Not far from the docks of Leith where the ETL is based, Edinburgh city centre is a hub for global financial asset management, where the trend towards ESG (Environmental, Social, Governance) or ‘responsible / sustainable investing’, backs up Chris’ thoughts. In recent weeks, there has also been a shift away from shareholder capitalism towards what is being referred to as ‘stakeholder capitalism’. As a result many Finance companies have suspended paying their usual dividends to shareholders in order to better look after small businesses and their workforce. Other things are stirring too. Talk on Universal Basic Income, long a fringe idea for revolutionising the economy, is firmly back on the table and is arguably being implemented right now in much of the Western world.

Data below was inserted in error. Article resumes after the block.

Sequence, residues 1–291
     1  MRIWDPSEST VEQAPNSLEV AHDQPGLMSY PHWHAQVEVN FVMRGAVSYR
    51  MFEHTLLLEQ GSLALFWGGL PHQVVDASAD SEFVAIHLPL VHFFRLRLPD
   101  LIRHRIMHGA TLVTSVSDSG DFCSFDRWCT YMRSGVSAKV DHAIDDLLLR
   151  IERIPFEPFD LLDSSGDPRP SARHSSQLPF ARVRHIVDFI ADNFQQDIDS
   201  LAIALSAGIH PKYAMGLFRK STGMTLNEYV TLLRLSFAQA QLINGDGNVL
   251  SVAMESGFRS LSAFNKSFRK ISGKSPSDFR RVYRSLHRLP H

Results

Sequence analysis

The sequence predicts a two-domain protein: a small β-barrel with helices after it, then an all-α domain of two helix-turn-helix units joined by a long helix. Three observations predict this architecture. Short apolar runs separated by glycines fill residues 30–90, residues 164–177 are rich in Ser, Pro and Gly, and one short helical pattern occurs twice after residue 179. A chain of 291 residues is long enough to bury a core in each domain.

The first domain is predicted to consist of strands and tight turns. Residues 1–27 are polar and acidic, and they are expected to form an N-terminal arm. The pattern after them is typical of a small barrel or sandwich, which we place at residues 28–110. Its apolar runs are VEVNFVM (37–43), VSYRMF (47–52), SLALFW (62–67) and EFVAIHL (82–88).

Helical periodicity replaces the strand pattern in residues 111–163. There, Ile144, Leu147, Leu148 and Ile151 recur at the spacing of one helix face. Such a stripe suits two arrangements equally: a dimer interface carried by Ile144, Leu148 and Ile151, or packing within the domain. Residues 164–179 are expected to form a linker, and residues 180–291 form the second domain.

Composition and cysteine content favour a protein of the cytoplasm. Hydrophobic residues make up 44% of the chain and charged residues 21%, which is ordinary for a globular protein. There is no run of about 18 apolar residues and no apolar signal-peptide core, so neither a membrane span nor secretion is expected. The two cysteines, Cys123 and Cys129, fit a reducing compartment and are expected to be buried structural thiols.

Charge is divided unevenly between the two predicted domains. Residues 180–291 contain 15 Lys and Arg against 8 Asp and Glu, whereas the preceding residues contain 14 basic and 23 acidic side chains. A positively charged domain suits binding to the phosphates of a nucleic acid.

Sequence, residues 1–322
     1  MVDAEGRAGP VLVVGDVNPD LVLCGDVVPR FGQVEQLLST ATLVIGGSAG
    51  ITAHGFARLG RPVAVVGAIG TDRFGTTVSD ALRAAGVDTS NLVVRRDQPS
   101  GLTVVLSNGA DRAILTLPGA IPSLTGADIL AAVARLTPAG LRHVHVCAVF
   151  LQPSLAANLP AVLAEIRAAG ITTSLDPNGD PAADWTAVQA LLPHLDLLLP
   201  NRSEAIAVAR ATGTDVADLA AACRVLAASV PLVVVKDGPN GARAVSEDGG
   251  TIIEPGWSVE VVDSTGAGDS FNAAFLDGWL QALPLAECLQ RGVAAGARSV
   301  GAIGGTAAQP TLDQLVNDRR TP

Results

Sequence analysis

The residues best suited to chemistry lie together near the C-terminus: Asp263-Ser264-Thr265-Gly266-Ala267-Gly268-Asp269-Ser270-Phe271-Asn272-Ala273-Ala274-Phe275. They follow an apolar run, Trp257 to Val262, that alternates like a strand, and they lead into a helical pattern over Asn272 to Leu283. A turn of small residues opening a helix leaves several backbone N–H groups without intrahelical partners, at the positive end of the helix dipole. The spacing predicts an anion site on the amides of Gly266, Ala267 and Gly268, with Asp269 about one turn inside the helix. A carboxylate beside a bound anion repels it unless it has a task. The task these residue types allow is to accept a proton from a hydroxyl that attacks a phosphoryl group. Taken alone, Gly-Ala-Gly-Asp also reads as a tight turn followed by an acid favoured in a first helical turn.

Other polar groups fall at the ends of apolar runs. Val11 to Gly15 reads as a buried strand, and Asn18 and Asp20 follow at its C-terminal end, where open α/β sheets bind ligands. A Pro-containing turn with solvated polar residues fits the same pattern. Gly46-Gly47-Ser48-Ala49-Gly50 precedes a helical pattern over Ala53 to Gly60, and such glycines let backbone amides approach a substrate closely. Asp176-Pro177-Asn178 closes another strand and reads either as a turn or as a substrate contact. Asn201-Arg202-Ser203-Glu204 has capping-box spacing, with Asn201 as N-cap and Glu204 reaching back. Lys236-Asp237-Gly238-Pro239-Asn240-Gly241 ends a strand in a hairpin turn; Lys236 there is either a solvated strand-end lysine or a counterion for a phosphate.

But Chris also thinks that as well as enterprises becoming more ‘social’, that social enterprises themselves will increasingly be seen as an economic model for the future. He concedes that they will likely take a hit in the short term (the average charity or non-profit is advised to have cash in the bank for just 3 months of expenses) but points out that more and more people are realising, especially in the eye of the pandemic storm, that organisations with community at their heart, are the ones you can trust and want around. ‘People are really starting to understand these are the things that I need in my life, these are the things that are non-essential. And community is essential’.